wechat_bg

2016-11-23 04:23:55 Voices

When Mei Xiaoao heard the news of his father’s death on April 23, 1973, it came via a long-distance phone call from Beijing. The government had sent Xiaoao down to the countryside as part of a Cultural Revolution campaign that saw millions of young urbanites travel to rural areas to work the land. He barely made it back from Inner Mongolia in northern China in time for the funeral five days later.

In the late 1940s, Xiaoao’s father, Mei Ju-ao, represented China as a judge at the International Military Tribunal for the Far East, often referred to as the “Tokyo Trials.” As Xiaoao remembers it, his father’s small funeral ceremony at the cemetery was typical of those given to foreign affairs officers. The only thing that struck him as slightly unusual came in Ju-ao’s obituary, printed in a corner of party newspaper People’s Daily.

The simply worded obituary had real political import. The inclusion of his father’s title was a form of rehabilitation, confirming that he was no longer deemed a “class enemy” by the Communist Party. For the Mei family, it meant the end of Ju-ao’s persecution for serving in the pre-1949 Nationalist government, for receiving a so-called bourgeois foreign education, and for having traveled extensively in the West.

At the age of 12, Ju-ao was admitted into a good prep school on the site of what is now Tsinghua University, moving from Nanchang, in eastern China’s Jiangxi province, to Beijing in pursuit of a good education. After graduating, he received financial assistance to study literature at Stanford University in California, and later received a law degree from the University of Chicago. After spending a year traveling around Europe, Ju-ao returned to China in 1929. In 1946, after the conclusion of World War II, he was sent to Tokyo to pass judgment on Japanese war criminals.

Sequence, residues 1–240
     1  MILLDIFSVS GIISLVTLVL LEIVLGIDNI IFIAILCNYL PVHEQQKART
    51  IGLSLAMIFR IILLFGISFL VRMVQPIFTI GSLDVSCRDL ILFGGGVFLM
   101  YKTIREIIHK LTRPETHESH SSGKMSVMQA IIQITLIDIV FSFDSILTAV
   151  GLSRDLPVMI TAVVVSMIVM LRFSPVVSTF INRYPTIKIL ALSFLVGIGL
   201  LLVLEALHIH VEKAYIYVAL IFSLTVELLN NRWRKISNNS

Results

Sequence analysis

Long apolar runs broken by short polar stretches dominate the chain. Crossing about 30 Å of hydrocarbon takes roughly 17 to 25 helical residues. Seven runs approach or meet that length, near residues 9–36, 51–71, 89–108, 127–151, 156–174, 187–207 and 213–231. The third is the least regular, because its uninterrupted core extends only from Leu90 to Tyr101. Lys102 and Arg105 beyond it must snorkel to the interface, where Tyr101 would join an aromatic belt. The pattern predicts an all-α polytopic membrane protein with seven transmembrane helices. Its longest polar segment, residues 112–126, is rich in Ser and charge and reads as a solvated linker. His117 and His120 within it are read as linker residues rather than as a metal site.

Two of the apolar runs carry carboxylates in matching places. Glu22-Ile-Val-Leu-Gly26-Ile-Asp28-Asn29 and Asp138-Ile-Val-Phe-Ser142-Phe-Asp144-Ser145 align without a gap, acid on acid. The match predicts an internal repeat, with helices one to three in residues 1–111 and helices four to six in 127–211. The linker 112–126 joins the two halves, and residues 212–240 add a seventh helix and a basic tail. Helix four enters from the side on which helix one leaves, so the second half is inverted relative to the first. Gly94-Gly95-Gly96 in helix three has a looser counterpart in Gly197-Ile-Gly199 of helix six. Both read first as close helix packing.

The year his father died, Xiaoao was 21 years old. He knew little about what Ju-ao did for a living, only that he worked at the Ministry of Foreign Affairs. In 1969, as the winds of the Cultural Revolution swept across China, Xiaoao left Beijing for Inner Mongolia. Looking back now, he thinks he was too young to go then and was just following the crowd, calling it all a bit “confused.”

Ju-ao’s death brought Xiaoao back to Beijing, where he found work in a factory that produced screws. After the reinstatement of the gaokao, or college entrance examination, in 1977, Xiaoao was admitted to Beijing Normal University as a so-called senior undergraduate, a euphemistic way of referring to those whose formal education had been disrupted by the Cultural Revolution.